(botany) A taxonomic family also known as the mulberry family or the fig family with members characterized by having lacticifers and milky sap in parenchymatous tissues
Moraceae is a taxonomic family of the order Rosales of the kingdom Plantae. It is also called the mulberry family or the fig family. There are about 1180 species that comprise this family.1 They are primarily characterized by the presence of lacticifers (i.e. an elongated secretory cell in leaves and stems of plants producing latex and rubber) and milky sap in parenchymatous tissues.
There are five tribes of the family Moraceae: (1) Artocarpeae, (2) Castilleae, (3) Dorstenieae, (4) Ficaea, and (5) Moreae. The Artocarpeae includes seven to twelve genera, e.g. Artocarpus, Batocarpus, Clarisia, Hullettia, etc. The Castilleae includes eleven genera such as Antiaris, Castilla;;, Helicostylis, Mesogyne, Naucleopsis, Perebea, Poulsenia, etc. The Dorstenieae includes eight genera, e.g. Brosimum, Dorstenia, Trilepsium, etc. Ficaea is a tribe with only one genus, i.e. Ficus. Moreae is a tibe that includes six to ten genera, e.g. Bagassa, Broussonetia, Maclura, Milicia, Morus, Sorocea, Streblus, Trophis, etc.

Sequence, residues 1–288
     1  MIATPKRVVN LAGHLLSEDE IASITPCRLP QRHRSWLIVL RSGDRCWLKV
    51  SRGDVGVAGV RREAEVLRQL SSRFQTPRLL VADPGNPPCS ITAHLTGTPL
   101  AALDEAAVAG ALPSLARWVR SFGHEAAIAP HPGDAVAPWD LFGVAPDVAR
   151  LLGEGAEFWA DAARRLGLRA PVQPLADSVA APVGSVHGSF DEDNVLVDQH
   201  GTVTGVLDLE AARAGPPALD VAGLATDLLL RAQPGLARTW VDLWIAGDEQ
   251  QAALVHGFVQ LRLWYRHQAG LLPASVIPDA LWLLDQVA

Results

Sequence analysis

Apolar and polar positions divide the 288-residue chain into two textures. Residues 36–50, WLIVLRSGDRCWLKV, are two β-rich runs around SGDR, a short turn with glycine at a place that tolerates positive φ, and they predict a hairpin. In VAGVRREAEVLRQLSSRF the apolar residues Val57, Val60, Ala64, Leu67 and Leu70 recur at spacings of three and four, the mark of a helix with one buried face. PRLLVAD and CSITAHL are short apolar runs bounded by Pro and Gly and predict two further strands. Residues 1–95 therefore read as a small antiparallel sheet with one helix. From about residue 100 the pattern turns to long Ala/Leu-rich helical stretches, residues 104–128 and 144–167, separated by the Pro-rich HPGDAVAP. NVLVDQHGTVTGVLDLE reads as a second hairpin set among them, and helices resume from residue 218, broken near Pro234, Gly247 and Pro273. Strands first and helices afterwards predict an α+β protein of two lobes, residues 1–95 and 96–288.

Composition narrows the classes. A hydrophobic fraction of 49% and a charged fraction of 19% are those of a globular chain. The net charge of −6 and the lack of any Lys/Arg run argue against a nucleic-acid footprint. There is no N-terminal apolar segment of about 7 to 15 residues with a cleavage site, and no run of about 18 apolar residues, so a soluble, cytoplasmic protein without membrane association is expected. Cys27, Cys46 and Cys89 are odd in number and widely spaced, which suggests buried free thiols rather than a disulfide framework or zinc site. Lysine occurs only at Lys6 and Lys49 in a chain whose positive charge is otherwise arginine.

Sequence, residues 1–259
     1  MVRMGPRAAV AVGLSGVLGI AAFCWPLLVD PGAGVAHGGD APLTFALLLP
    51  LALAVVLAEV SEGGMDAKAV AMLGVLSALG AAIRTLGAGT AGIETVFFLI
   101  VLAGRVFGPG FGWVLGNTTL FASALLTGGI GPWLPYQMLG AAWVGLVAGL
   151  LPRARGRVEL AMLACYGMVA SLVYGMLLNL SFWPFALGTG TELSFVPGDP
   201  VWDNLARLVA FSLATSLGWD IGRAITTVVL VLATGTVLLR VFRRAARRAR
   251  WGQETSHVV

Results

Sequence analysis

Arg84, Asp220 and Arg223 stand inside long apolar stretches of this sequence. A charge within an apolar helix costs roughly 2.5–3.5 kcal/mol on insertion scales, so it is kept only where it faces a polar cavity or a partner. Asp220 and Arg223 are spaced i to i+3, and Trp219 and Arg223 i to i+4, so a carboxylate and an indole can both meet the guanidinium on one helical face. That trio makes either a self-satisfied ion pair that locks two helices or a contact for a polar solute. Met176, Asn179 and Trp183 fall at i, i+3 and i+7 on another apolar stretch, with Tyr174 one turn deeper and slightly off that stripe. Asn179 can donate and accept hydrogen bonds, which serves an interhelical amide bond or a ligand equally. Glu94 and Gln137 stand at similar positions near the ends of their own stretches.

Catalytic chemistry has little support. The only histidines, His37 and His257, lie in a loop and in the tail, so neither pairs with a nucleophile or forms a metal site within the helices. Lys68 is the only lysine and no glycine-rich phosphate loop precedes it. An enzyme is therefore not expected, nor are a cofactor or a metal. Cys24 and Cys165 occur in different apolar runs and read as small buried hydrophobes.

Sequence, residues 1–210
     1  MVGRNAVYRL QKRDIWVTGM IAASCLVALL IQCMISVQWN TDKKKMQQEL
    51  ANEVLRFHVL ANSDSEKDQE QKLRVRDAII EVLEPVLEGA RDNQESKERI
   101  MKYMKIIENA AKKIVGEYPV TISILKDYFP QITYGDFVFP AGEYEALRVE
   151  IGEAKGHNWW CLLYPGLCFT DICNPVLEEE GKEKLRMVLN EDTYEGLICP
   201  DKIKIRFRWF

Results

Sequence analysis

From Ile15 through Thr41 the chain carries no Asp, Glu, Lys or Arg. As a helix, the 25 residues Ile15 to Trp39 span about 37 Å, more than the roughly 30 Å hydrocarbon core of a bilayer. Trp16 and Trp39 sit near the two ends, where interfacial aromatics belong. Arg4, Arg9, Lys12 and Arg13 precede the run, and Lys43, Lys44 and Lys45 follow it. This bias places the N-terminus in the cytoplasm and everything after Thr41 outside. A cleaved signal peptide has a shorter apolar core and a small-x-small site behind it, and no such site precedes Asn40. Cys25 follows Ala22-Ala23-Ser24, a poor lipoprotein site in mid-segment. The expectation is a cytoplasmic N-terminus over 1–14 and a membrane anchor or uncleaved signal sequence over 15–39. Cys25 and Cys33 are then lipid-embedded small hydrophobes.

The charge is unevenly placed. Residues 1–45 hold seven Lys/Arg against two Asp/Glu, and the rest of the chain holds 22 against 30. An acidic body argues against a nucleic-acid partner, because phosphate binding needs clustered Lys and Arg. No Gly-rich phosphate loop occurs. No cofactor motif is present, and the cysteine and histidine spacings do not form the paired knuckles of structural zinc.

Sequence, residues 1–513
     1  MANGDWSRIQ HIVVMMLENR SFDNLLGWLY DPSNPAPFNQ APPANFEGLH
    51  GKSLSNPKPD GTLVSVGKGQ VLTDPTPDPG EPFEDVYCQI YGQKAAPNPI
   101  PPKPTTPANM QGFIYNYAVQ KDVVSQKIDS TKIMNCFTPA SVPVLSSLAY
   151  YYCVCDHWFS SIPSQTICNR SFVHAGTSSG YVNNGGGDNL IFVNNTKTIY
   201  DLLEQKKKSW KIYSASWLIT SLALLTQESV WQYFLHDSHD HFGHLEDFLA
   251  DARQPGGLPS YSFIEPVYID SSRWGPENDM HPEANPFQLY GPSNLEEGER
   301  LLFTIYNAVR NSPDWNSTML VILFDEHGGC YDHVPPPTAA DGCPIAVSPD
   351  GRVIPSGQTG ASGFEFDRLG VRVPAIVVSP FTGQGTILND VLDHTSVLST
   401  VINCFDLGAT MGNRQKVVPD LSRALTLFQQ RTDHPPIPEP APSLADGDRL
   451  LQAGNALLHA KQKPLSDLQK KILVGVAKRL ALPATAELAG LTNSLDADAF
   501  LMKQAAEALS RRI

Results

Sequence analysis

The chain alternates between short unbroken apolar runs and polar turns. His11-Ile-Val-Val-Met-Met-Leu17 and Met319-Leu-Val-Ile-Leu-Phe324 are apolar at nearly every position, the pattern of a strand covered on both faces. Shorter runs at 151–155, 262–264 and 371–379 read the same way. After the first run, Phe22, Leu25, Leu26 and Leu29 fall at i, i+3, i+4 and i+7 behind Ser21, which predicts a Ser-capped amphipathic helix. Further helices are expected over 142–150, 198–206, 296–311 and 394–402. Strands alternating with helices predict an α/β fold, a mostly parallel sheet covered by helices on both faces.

Word origin: Latin fīcus (“fig”)
- Kingdom: Plantae
- Order: Rosales
- Family: Moraceae
- Tribe: Ficeae
1 Christenhusz, M. J. M. and Byng, J. W. (2016). “The number of known plants species in the world and its annual increase”. Phytotaxa. Magnolia Press. 261 (3): 201–217.